|Posted by nuruyamapendo on March 2, 2014 at 9:55 AM|
Apparently I created quite a commotion in Kasenga on Friday and Saturday this week when I went outside the compound to paint our security gates. We had purchased paint in Lubumbashi last month, and it was on my “to-do” list since we didn’t have the funds to hire out the work. Wearing a long skirt to climb the ladder was not appropriate for this job, so I put on a “neutral” T-shirt and a pair of loose-fitting Capri pants and hoped that I could complete the exterior wall as quickly as possible so as not to be on display!
I was on the ladder by 6:30am both mornings. People walking by would comment and laugh between themselves. Others would stop and greet me in French and start a conversation. Children would watch for a few moments and then offer a greeting of “Jambo” or “Good morning” in English on their way to school. I replied, and they giggled and ran off. A motorcycle “taxi” even stopped with his passenger in the middle of the road and started up a conversation to find out what I was doing! The District Superintendent from Mpewto stopped by on his way to the boat dock and asked to assist me, stating that I shouldn’t be doing this work. I politely refused, because he was wearing dress clothes and I didn’t want to be responsible for ruining his clothing. A few minutes later, D.S. Sylvain stopped by to say hello.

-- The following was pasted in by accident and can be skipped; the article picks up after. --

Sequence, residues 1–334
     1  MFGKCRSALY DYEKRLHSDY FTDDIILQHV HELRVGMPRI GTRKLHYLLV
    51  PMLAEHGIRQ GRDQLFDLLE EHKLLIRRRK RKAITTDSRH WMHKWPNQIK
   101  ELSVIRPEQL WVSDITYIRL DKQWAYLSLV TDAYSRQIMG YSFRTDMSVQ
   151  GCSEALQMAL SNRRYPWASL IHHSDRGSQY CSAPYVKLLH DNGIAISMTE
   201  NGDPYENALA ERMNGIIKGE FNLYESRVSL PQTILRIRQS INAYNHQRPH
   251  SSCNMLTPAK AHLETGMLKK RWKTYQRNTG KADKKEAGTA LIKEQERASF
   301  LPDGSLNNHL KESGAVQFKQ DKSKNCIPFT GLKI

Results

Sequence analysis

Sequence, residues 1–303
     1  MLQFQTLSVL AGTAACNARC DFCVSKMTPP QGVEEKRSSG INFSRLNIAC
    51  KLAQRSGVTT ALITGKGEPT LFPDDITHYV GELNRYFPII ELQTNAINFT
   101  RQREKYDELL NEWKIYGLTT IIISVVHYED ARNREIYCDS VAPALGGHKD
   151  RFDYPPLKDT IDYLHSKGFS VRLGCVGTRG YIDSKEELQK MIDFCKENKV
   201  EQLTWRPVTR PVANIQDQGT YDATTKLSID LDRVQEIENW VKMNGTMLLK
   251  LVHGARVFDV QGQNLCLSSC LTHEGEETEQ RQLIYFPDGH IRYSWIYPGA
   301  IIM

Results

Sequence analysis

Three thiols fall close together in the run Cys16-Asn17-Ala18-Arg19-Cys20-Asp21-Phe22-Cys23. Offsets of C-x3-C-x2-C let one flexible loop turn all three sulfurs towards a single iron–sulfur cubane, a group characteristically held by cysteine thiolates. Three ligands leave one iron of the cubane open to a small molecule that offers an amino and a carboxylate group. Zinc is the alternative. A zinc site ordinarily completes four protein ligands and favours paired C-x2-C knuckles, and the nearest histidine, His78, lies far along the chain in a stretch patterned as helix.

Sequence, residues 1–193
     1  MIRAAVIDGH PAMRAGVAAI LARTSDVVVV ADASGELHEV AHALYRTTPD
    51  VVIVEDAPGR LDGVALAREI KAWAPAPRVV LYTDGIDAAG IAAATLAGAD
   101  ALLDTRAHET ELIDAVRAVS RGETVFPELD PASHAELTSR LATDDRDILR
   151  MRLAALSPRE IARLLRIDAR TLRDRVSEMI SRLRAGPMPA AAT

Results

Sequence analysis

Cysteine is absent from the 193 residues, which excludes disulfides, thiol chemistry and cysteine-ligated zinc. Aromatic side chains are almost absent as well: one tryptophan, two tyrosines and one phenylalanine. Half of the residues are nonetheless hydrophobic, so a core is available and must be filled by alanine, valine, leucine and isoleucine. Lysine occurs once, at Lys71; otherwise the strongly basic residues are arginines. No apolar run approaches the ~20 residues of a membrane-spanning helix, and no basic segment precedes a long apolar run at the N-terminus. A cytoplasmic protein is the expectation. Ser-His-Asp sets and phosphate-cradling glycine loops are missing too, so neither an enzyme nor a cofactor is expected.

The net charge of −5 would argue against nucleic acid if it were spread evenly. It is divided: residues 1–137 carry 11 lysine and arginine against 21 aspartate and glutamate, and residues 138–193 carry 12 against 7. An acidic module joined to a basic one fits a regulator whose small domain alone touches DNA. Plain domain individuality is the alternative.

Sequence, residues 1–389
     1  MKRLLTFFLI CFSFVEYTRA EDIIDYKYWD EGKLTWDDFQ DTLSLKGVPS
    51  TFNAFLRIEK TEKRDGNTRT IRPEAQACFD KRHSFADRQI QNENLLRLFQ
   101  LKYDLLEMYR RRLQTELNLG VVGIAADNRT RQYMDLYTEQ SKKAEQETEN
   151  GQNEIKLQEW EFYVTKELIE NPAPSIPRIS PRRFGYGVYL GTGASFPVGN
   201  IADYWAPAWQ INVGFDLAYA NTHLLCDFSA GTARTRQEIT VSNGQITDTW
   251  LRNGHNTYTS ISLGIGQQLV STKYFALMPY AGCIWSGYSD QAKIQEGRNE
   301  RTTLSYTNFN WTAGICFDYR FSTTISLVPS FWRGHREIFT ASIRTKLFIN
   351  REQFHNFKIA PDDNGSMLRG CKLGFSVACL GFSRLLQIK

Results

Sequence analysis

“You are being talked about, all up and down the road”, he said.” I was just at the hospital, and a man I know there said to me “Did you see? Your missionary was outside painting the gates today!” Sylvain just laughed, and replied “Yes, she is an American. Women do men’s work there and sometimes men do women’s work. It’s the difference between the cultures.”
Sylvain proceeded to tell me that he had also run into the D.S. from Mpweto and had received the story about the missionary woman painting the security gates. Many who passed Sylvain on the way from the hospital to NYM had the same story to tell. I was just doing what needed to be done, and didn’t realize that my atypical work would create such a stir. My only desire is to help people realize that God has gifted and empowered them to do whatever He has planned for them, no matter what the job. Who knows? Maybe one day soon I will see a woman in Kasenga painting!